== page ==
Donders Institute for Brain, Cognition and Behaviour
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Thesis defense Rick Helmich (Donders Series 54)

24 May 2011

Promotor: Prof.dr. B.R. Bloem, copromotor: Dr. I. Toni

Cerebral reorganization in Parkinson's disease

winner of the 2012 Dutch Neurofederation PhD thesis prize

Parkinson's disease is characterized by progressive dysfunction of a small region in the brain: the basal ganglia. During his PhD, Rick Helmich I investigated how these focal brain lesions lead to a reorganization of brain function. In Parkinson's disease, more-affected parts of the basal ganglia lost their connections with the rest of the brain, but these routes were taken over by less-affected parts of the basal ganglia. Importantly, such compensatory adaptations may delay clinical symptoms. Helmich also observed altered brain activity during voluntary movements in Parkinson's disease. For example, patients showed increased activity in visual brain regions. This suggests that they use visual information to guide their movements. Furthermore, when Parkinson patients had to switch between movements, they relied on frontal brain regions instead of the basal ganglia. This made their movements slower. However, when Parkinson patients could earn money during the switching task, they performed as well as healthy subjects. Thus, reward anticipation can be used to compensate for switching problems, presumably because it involves unaffected parts of the basal ganglia. Finally, Helmich found that Parkinson patients with tremor are better in making voluntary movements than patients without tremor. Tremor was produced by several brain regions that either turned the tremor on (like a light switch) or controlled the severity of the tremor (like a dimmer). The activation of this ‘tremor network' changed the activity of different brain regions involved in voluntary movements. This may explain why Parkinson patients with tremor generally have a better prognosis than Parkinson patients without tremor.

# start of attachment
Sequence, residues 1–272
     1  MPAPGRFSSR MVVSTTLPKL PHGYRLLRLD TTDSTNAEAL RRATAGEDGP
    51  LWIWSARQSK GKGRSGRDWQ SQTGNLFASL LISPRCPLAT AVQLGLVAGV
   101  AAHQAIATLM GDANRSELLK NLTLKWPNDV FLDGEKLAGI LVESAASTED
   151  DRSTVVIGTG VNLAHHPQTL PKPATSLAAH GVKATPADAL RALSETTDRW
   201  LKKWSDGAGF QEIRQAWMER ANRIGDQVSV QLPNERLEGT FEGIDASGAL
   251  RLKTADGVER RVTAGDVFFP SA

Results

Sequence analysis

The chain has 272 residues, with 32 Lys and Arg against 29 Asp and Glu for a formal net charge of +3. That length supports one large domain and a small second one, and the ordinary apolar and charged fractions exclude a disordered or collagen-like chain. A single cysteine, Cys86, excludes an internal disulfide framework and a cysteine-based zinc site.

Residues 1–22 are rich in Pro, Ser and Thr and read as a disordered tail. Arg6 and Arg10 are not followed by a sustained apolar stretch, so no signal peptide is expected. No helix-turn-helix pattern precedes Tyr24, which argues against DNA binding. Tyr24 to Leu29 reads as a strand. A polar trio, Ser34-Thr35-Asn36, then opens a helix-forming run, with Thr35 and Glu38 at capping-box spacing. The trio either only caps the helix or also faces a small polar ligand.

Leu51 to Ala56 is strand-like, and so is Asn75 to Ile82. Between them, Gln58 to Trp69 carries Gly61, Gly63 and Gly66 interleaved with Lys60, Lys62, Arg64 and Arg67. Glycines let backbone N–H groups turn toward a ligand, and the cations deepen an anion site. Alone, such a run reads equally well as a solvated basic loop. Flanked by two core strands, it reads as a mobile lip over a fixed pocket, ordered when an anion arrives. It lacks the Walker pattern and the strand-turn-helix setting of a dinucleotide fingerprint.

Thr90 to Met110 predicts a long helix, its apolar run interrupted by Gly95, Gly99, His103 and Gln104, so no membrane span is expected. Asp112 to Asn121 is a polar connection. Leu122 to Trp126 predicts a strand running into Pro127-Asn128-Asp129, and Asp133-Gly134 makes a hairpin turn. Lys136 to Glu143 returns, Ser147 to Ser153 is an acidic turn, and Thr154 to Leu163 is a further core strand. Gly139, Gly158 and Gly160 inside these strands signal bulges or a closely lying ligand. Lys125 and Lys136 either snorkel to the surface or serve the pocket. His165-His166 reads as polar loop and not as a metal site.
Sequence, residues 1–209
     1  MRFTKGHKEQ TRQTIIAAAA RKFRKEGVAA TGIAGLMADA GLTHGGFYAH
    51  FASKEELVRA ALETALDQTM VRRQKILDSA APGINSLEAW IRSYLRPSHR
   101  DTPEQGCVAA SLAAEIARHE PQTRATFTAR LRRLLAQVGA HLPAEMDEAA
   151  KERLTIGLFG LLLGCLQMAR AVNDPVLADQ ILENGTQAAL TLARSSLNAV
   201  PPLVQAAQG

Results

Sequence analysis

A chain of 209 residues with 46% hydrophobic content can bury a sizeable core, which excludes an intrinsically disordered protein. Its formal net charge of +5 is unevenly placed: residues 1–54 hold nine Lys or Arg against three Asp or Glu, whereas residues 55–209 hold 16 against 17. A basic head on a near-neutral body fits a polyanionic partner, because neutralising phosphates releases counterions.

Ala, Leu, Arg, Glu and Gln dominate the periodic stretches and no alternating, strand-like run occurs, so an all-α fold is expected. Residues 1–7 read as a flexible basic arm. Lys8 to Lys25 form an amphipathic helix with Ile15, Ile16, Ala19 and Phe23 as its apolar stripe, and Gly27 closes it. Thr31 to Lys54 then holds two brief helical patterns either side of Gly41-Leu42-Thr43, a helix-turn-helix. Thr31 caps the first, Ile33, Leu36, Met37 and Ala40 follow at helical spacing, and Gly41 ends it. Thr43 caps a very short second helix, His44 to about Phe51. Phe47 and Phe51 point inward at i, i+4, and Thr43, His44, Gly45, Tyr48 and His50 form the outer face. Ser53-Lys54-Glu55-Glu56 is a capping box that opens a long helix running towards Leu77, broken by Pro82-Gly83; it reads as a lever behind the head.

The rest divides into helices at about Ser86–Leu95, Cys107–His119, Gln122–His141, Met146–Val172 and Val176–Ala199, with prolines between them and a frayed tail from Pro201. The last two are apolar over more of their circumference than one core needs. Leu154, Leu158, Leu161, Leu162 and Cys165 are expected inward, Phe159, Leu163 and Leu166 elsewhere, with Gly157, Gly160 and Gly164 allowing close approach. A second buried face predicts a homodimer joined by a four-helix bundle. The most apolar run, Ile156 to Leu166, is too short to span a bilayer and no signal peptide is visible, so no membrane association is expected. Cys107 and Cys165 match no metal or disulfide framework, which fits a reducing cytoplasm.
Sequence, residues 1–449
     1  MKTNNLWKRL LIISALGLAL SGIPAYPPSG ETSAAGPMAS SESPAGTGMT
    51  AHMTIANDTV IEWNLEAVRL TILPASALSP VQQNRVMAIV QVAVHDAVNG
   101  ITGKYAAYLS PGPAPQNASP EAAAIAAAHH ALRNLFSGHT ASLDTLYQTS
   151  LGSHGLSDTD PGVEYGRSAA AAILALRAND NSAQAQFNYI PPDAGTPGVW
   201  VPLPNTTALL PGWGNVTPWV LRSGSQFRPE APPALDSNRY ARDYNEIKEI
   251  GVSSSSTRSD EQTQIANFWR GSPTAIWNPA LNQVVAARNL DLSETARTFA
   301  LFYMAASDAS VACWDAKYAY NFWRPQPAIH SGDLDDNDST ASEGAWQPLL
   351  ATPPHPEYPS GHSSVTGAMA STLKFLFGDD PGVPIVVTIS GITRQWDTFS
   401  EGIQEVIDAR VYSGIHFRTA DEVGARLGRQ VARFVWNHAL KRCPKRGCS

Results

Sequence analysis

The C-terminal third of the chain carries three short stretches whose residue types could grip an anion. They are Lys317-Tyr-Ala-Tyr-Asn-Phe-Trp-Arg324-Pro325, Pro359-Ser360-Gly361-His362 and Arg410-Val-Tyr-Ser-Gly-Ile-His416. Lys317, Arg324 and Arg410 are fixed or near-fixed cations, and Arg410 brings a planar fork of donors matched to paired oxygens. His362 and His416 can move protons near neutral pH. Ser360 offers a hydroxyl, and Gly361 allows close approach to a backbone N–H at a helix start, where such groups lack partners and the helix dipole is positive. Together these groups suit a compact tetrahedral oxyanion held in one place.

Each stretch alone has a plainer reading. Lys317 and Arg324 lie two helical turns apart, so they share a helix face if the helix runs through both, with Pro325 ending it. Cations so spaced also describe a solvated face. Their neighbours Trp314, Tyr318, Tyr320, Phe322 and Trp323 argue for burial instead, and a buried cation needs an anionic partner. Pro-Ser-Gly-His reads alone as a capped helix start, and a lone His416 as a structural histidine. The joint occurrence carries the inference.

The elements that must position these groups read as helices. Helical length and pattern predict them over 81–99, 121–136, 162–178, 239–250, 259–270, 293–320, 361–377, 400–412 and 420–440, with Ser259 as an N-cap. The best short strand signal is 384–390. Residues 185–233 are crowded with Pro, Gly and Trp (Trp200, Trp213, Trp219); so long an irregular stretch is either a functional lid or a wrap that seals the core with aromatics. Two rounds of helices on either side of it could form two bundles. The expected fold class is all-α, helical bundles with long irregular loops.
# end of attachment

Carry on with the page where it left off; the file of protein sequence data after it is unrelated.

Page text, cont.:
Rick Helmich